Stinger Folding Motorcycle Trailer Review

By James Parchman
[The Stinger Folding Motorcycle Trailer Review was originally published in the September 2008 issue of Rider magazine]

Gene Roddenberry’s famous words, “Space–the final frontier…” could describe the motorcyclist’s incessant quest for more cubic feet in which to store additional moto toys…sorry, moto “necessities.” A good example of a frequently overlooked necessity is a trailer with which to haul your machine(s). The steady stream of four-wheelers trailering two-wheelers to Daytona Bike Week proves that, for a considerable number of us, Mother Nature’s elements are sometimes best enjoyed upon reaching our destination, rather than experienced while traveling toward it.

Travel aside, motorcycle trailers are handy, even indispensable, for getting a sickly motorcycle to the shop, or to avoid committing the better part of a day waiting while the dealer installs new tires and brake pads. Finally, we find a trailer is preferable to a pickup truck for motorcycle transport, especially when singlehandedly loading/unloading.

The problem for many of us is where do we find the space to park this little-used device? No matter if it’s a flatbed or three-railer, the footprint of most trailers sturdy enough to carry large street machines is itself the size of a quartet of Electra Glides.

Stinger Folding Motorcycle Trailer
Stinger Folding Motorcycle Trailer

Rod Haskins, owner of metal bender Maintenance & Fab in Richmond, California, isn’t a rider himself, but his research indicated a market existed for a sturdily built, full-sized motorcycle trailer that folded compactly when not in use. Learning of a dormant but clever design developed by an agricultural trailer company, Haskins struck a deal, made several improvements and the Stinger Folding Motorcycle Trailer was born.

We recently spent some time with a Stinger and found it to be a clever product. The Stinger arrived folded and secured to a wooden pallet. Assembly was simple, and within 20 minutes we had the 180-pound trailer ready to tow. The trailer is not towable in the folded position–that’s for storage only.

A one-car garage, home to our full-sized Chevrolet, couldn’t normally house a motorcycle trailer, too. But the folded Stinger squeezed in nicely. Fully extended, it’s just shy of 13 feet long and has a load capacity of one bike (or one trike on the trike model), with a 3,500-pound load-rated axle. It also includes a 21Ú2-foot loading ramp which folds up during transit. Pull two pins, fold, replace pins and the Stinger becomes about the same size as the 4- by 4-foot pallet it arrived upon. Folded, it’s easy to move around and stores vertically or horizontally.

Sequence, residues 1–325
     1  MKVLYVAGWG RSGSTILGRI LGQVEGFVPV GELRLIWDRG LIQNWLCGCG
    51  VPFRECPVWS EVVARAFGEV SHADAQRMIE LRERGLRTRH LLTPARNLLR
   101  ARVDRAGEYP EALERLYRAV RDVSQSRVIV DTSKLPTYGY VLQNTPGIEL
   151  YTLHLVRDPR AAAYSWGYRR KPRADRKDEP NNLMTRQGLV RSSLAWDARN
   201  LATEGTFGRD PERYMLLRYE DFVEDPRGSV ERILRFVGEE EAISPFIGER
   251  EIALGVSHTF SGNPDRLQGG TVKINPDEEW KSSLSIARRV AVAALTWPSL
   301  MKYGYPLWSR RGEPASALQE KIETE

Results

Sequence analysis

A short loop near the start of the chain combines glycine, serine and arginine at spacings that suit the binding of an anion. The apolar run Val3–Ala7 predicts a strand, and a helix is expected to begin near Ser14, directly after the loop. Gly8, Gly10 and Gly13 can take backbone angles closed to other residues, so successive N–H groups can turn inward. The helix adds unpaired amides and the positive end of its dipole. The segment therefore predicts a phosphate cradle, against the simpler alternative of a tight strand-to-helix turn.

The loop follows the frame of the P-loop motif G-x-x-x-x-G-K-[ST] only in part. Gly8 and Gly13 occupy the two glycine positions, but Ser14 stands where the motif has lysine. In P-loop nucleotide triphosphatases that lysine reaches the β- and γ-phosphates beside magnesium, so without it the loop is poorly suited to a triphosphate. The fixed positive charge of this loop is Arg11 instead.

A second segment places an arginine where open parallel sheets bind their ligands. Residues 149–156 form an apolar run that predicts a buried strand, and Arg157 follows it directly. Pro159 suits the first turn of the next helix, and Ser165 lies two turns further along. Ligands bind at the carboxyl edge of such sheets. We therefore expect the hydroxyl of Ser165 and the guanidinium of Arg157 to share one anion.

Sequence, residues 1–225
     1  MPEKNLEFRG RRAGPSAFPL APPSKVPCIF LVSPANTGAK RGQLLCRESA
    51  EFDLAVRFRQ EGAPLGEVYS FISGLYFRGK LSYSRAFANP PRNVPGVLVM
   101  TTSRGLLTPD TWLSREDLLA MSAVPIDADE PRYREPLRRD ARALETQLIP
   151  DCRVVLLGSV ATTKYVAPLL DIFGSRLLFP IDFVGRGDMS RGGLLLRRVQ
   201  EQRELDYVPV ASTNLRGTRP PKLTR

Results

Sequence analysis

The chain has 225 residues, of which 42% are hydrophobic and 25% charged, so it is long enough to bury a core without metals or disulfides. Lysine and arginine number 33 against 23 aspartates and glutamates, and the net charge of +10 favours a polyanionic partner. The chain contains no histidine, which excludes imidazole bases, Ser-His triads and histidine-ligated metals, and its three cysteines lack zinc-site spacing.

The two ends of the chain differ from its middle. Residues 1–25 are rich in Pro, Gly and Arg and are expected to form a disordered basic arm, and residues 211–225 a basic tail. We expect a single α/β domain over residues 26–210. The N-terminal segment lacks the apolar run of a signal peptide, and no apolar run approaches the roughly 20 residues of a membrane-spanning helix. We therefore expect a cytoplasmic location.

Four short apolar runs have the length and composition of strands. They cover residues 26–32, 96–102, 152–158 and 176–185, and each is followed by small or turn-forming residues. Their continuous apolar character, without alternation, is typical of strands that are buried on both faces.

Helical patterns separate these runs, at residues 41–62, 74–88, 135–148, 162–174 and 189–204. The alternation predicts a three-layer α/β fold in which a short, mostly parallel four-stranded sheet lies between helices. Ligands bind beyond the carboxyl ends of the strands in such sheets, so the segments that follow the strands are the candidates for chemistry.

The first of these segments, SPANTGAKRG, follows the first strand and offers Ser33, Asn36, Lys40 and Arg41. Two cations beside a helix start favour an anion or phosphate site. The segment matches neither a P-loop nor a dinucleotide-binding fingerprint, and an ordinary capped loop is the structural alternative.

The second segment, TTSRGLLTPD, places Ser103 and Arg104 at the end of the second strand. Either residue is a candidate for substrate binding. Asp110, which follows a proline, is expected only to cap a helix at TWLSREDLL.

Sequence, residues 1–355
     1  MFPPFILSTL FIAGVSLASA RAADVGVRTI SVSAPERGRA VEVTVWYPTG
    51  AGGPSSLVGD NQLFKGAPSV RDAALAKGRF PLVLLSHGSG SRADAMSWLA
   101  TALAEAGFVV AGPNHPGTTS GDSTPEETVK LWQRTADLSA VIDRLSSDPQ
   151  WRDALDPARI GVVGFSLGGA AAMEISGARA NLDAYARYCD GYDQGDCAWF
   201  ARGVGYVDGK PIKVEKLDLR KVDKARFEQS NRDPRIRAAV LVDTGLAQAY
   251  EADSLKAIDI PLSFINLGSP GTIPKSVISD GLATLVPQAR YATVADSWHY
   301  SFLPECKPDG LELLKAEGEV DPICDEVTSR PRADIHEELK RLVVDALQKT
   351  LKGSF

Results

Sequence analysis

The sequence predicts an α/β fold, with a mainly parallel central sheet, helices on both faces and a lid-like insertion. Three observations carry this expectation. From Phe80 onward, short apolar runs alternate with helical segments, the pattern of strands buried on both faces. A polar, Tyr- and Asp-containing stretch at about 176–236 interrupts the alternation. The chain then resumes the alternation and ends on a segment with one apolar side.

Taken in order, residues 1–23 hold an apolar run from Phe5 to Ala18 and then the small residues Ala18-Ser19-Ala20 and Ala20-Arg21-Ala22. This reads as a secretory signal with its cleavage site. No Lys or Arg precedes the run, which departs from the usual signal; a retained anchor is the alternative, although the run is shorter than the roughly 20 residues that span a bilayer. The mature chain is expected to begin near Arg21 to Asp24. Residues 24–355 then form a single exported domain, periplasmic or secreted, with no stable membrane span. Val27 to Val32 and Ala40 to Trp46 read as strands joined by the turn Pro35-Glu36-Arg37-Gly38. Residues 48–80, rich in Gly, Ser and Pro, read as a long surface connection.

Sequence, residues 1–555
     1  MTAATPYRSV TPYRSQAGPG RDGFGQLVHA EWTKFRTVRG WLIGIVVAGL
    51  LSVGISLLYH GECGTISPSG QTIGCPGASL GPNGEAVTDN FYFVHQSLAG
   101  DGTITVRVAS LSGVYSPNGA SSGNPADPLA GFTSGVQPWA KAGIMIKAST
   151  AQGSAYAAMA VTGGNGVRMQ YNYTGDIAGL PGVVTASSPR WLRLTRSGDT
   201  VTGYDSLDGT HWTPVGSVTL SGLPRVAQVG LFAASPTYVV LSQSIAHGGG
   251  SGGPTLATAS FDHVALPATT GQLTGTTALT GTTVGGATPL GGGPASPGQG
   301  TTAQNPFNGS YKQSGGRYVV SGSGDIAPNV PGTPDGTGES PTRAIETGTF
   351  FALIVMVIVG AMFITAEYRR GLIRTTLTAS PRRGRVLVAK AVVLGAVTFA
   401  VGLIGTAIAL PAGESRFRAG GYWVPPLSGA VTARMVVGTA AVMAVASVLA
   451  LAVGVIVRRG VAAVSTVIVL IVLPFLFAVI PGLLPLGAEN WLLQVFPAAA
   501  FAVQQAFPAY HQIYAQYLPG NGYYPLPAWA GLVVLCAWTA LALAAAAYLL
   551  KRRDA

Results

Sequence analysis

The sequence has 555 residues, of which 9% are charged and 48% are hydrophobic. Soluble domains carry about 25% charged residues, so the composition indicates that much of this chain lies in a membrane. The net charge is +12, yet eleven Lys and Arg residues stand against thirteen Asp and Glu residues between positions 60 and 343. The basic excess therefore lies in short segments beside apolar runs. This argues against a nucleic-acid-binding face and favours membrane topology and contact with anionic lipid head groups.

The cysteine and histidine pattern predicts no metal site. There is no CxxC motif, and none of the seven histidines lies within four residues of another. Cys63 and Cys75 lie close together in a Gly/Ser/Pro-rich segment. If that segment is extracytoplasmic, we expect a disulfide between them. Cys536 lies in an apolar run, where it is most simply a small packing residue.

We loaded and towed several different motorcycles on the Stinger and it handled them well. Its low deck height, wide ramp and well-placed tie-down points make one-person loading easy. The Stinger’s suspension is described as torsion bar. The trailer’s 48-inch stance with large 18-inch-diameter tires made it very stable when loaded, and it tracked just fine at higher-than-legal freeway speeds, and in windy conditions.

Dislikes–just a couple. The Stinger incorporates a proprietary system that replaces the hitch ball with a swivel assembly that bolts directly to the trailer arm. Haskins says it contributes to stability. Granted, but it also means the hitch arm connects at 12 inches or so from the ground. This suits compact cars but requires lowering extensions on taller vehicles, like SUVs. The Stinger must also be attached to your vehicle before loading or unloading a motorcycle.

Stinger Trailers are sold direct and through an expanding dealer network across the United States and Canada. The price is around $1,500, and Haskins says many customers pick up their Stinger at the factory to save on shipping charges. A Stinger trailer for trikes is now available, too.

For more information contact Stinger Trailer–Maintenance & Fab Inc., 555 A Street, Richmond, California 94801; (800) 701-5501, in Canada call (866) 619-0969; www.stingertrailer.com

25 COMMENTS

  1. Whoever,
    Two questions:
    1. The one with the boards on the side I assume doesn’t fold up
    2. Do you have a dealer in Las Vegas, NV

    Thank you